Now mind you, I’ve been in many pickles before.
Many, multiples pickles.
My life has been like one of those big old barrels of big fat Kosher pickles in the Jewish delis back home in the Lower East Side, those grimy, stinking, crime-ridden streets that turned me into the freebooting adventuring rough-and-tumble adventuring fellow I am today.
How are these for pickles?
Captured and caged by bloodthirsty jungle cannibal girls up in the Amazon rain forest…
Chained in the love pit of some Yakuza geisha killer wantons in a Yokohama den of lust…
Shackled in the hold of some lusty Lesbian pirates in the Straits of Malacca…
Plenty of pickles I’ve been in.
That’s kind of what I do, really.
I get in pickles. And then I get out of them.
So I wasn’t really too worried about this Madame Chang dame and her pals. For one thing, I could tell that she liked me. I mean really liked me. As in she wanted to play hide-the-salami with me in the very near future, something she wouldn’t be able to do if she plugged me between the eyes with that little automatic of hers, which looked like one of those Kraut pocket Mausers that one of these SS sadist harlots had threatened to shove up my behind in this castle of torture on the Rhine I wound up in one time.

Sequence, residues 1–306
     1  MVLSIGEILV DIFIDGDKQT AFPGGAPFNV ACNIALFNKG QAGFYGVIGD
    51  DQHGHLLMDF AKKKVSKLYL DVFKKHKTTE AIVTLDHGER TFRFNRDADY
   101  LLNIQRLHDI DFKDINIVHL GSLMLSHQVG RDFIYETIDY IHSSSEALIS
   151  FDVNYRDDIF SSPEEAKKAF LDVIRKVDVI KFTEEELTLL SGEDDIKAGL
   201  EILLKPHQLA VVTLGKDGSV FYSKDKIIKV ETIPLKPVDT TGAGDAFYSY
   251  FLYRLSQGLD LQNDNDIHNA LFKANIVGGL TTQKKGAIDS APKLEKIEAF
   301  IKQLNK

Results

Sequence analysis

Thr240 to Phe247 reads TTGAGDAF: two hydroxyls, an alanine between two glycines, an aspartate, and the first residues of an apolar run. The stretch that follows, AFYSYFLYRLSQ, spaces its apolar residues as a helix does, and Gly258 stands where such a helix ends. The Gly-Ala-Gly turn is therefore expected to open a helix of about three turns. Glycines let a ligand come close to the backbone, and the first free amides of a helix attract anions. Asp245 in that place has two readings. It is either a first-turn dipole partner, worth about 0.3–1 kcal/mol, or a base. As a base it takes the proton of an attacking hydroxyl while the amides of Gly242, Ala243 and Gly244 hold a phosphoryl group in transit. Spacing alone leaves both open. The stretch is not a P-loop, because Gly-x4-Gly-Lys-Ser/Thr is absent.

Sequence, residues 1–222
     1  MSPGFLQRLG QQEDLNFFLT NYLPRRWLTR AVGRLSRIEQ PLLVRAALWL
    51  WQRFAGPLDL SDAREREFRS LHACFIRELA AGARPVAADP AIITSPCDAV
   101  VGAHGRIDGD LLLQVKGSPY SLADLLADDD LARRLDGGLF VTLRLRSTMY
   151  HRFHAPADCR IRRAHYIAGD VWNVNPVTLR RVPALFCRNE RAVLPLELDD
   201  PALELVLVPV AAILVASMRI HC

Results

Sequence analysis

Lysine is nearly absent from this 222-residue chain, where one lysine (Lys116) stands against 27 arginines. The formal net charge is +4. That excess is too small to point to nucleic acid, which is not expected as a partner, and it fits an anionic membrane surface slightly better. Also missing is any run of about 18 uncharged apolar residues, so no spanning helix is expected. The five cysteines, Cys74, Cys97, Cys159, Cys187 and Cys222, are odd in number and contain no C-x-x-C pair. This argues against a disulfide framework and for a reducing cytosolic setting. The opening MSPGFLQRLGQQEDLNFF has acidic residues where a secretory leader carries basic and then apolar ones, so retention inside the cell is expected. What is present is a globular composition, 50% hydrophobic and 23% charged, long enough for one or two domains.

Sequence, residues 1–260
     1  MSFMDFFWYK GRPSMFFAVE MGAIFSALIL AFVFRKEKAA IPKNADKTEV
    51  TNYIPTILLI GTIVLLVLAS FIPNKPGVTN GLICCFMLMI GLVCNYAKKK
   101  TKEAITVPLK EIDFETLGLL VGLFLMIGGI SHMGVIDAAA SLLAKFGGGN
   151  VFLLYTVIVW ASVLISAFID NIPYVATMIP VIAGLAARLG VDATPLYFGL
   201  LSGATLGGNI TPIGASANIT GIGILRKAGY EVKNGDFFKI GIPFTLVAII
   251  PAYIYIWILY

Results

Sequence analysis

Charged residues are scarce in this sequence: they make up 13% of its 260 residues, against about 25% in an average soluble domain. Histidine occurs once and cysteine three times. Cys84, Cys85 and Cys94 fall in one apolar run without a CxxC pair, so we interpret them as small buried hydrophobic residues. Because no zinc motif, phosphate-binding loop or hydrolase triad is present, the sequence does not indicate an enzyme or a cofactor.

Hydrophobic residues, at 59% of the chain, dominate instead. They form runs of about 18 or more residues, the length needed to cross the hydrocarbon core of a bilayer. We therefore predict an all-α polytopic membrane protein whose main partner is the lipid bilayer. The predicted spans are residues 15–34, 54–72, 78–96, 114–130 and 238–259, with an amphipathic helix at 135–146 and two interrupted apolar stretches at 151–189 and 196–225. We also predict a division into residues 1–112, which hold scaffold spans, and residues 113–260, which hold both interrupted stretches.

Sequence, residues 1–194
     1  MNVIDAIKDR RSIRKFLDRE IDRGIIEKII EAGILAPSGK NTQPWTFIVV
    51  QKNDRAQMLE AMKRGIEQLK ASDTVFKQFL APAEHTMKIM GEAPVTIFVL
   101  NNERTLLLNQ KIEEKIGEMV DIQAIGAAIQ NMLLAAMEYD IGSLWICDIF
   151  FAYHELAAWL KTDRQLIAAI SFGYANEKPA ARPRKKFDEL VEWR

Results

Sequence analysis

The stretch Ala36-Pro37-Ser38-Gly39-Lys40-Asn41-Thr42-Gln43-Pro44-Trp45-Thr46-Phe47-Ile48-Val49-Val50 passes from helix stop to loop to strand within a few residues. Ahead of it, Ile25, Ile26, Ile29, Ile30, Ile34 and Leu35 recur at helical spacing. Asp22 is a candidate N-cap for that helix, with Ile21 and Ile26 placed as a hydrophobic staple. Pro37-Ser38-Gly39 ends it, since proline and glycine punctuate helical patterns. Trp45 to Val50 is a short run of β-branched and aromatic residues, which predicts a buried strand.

So, you can see why I wasn’t overly concerned about me and Arnie in our present situation, especially seeing as how that snubnose was still stuck in the back of Arnie’s trousers. And as soon as the time was ripe I’d stick my hand back there and pull that baby out, and we’d soon see who was left alive after the shooting was done.
“So, you see, Mr. Bogwell --” said Madame Chang.
I looked up from my drink.
“Yes?” I said.
“You see now,” she said, “why it was I had Mojo bring Mr. Schnabel here, and by whatever means necessary.”
Okay, there, I had done it again, somebody had told me to pay attention to what they were going to say, and I had gotten distracted, gone off on my own mental tangent, and I had no idea what the hell they had been talking about, so naturally, I just blew out a nice plume of Sweet Caporal smoke and said: “Sure, Madame Chang. I understand. You were just doing what you had to do.”
“What?” she said.
“I said,” I said, “I mean, uh, you were just, you know, doing what you, like, had to do?”
“Madame Chang,” she said, saying it like she meant it even more than she usually said whatever she was saying, “doesn’t have to do anything!”
“Uh, yeah, sure, Madame Chang,” I said, because I was starting to realize that this broad had this thing in common with every other broad in the world, and that was that you were a hell of a lot better off just agreeing with them, even if you didn’t know what the hell they were talking about and what the hell you were agreeing to. “Absolutely,” I added. “A hundred percent.”
“Madame Chang,” she said, “does what she wants to do.”
“As well you should,” I said.
“I wasn’t asking your opinion,” she said.
“Right,” I said. “Absolutely.”